2014 Fantasy BaseballFantasy Baseball

2014 Fantasy Baseball: The Fielding Factor AL

rays infield

The most exciting advancement in analytics over the past ten years in baseball has been the relationship between fielding and pitching. Ten years ago, even a majority of analysts were discounting the effects of fielding as Voros McCracken’s theories on defense independent pitching statistics were taking hold. It isn’t so much that McCracken was wrong, but that even he did not have access to the kind of information we have today. It will be exciting to see what the next ten years will hold.

The smarter teams are considering the strengths of their teams in terms of fielding and acquiring pitchers to match those fielders. The transactions must coincide for everything to work properly. Similarly, smart fantasy owners consider the fielding prowess of the teams before they select the pitchers. As we saw with the National League fielding article, when we split the fielding between the infield and the outfield, we will begin to see which pitchers will benefit from their fielding and which pitchers will be hurt by it.

We will be using the Fielding Bible’s defensive runs saved (DRS) to gauge the fielding  prowess for each team. We will look only at the projected starters at each spot and what they did in 2013. So, when you look at the following table, it pays to pay attention to the breakdown of the units in addition to the grand total.

Infield

Outfield

Total

Royals

10

46

56

Red Sox

16

17

33

Orioles

25

-4

21

Rays

26

-8

18

Blue Jays

5

9

14

Indians

0

11

11

Twins

20

-12

8

Yankees

-6

13

7

Tigers

8

-5

3

Rangers

-9

9

0

Astros

5

-9

-4

White Sox

-1

-6

-7

Athletics

-32

23

-9

Mariners

-17

1

-16

Angels

-30

-7

-37

Obviously, these results are very revealing by themselves. Some people wonder why some teams seem to constantly overachieve and some teams seem to constantly underachieve. The Angels seem to be on top of the list of underachievers. However, they seem to be bad in the infield and outfield, so neither unit ranks as the worst in the league. In order to really take a good look at starting pitchers we should look at the individual best and worst units and the career batted ball statistics for the starting pitchers involved.

 

Tampa Bay Rays

GB%

FB%

LD%

David Price

45.8

35.1

19.1

Matt Moore

38.7

42.0

19.3

Alex Cobb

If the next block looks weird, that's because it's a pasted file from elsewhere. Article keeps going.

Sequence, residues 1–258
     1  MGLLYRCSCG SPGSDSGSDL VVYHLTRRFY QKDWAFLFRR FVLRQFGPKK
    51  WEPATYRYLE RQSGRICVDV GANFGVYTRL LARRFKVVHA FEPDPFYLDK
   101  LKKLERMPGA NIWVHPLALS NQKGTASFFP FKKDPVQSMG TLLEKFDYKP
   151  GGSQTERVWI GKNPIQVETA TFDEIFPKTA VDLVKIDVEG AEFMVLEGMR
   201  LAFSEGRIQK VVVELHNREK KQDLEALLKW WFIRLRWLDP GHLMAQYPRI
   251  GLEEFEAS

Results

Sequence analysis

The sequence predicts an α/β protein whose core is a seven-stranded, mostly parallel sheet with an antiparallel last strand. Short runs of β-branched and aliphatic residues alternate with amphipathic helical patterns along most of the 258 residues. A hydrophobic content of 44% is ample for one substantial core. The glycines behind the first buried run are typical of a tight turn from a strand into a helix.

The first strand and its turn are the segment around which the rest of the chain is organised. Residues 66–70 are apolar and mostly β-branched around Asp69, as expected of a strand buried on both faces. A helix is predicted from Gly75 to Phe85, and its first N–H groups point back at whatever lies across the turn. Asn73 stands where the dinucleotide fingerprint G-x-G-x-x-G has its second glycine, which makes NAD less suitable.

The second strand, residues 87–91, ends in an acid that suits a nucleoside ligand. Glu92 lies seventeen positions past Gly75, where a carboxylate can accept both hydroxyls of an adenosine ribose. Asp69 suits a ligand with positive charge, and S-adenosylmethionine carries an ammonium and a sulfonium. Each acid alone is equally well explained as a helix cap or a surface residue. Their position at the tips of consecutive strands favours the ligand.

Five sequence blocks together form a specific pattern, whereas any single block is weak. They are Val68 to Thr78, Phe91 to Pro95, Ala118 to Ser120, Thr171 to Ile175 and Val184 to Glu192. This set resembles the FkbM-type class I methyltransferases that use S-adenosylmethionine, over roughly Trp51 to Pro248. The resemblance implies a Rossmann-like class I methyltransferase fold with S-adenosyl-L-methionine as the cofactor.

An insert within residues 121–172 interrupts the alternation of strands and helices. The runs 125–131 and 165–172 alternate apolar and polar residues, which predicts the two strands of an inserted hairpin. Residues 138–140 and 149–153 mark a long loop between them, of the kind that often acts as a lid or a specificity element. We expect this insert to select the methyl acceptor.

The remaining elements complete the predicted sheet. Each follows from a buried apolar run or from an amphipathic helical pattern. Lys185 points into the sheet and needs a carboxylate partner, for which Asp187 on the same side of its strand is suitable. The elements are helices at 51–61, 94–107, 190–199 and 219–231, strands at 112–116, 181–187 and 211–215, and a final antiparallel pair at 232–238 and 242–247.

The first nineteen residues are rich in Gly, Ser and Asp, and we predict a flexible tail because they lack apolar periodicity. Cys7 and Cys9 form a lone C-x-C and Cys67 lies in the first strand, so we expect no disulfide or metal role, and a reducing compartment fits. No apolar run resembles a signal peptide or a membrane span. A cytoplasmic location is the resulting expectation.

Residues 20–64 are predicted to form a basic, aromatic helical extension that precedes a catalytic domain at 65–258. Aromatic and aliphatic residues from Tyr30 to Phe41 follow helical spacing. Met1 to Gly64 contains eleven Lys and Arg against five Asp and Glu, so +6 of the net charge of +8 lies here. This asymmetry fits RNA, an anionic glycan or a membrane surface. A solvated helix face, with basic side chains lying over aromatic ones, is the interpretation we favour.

56.4

23.2

20.4

Chris Archer

47.1

34.0

18.9

Jake Odorizzi

35.5

38.2

26.3

 

Jake Odorizzi hasn’t even pitched 50 innings, so his results are a bit skewed. When you look at the rest you see that three out of four have higher groundball rates than fly ball rates. That would be four out of five if we include Jeremy Hellickson (who is on the disabled list). The Rays are as good as anyone about getting the most of out the relationship between fielders and pitchers. In fact, with advanced defensive positioning, the Rays usually outperform even their individual defensive runs saved metrics. This makes drafting Rays pitchers a pretty good bargain. Alex Cobb in particular looks like he should be a very promising pitcher.

Kansas City Royals

GB%

FB%

LD%

James Shields

44.5

35.9

19.5

Jason Vargas

37.1

43.6

19.3

Yordano Ventura

49.2

37.7

13.1

Jeremy Guthrie

41.0

39.4

19.6

Bruce Chen

33.9

45.2

20.9

 

The Royals have the best defensive outfield in the American League and their pitching staff demonstrates that they are paying attention to their strengths. It is actually fairly rare for pitchers to have a higher fly ball rate than a groundball rate, but two of their five pitchers have that. Yordano Ventura has under 50 big league innings, so you could throw his numbers out. In particular, they signed Jason Vargas this offseason and he appears to be a good fit for what they are doing. So, he might be a good guy to look for on the waiver wire.

Oakland Athletics

GB%

FB%

LD%

Sonny Gray

52.2

25.7

22.1

Scott Kazmir

39.2

42.0

18.8

Jesse Chavez

40.2

40.2

19.6

Dan Straily

35.1

46.4

18.5

A.J. Griffin

33.7

46.3

19.9

 

The Athletics are a perfect example of how it pays to pay attention to the strengths and weaknesses of your team. Sonny Gray is home grown, so you can’t hold this against them, but the rest of their pitchers are all heavy fly ball pitchers. When you consider how spacious Oakland Coliseum is and when you consider that their defensive outfield is almost as good as their infield is bad, you have to consider that the Athletics are making the most of their situation.

Minnesota Twins

GB%

FB%

LD%

Ricky Nolasco

41.9

36.7

21.4

Kevin Correia

44.2

35.1

20.7

Phil Hughes

33.5

46.0

20.5

Mike Pelfrey

47.7

31.9

20.4

Kyle Gibson

51.6

29.5

18.9

 

The Twins are one of those organizations that seems to get pitchers any way they can find them. Unfortunately, the minor league pipeline hasn’t been as fruitful as they had hoped. So, they are busy bringing in reclamation projects like Phil Hughes. Hughes isn’t likely to find success here either. The rest of the staff are more groundball oriented, so we can see that the Twins will hopefully be better on the mound this season than last, but none of these guys really look like fantasy gold.

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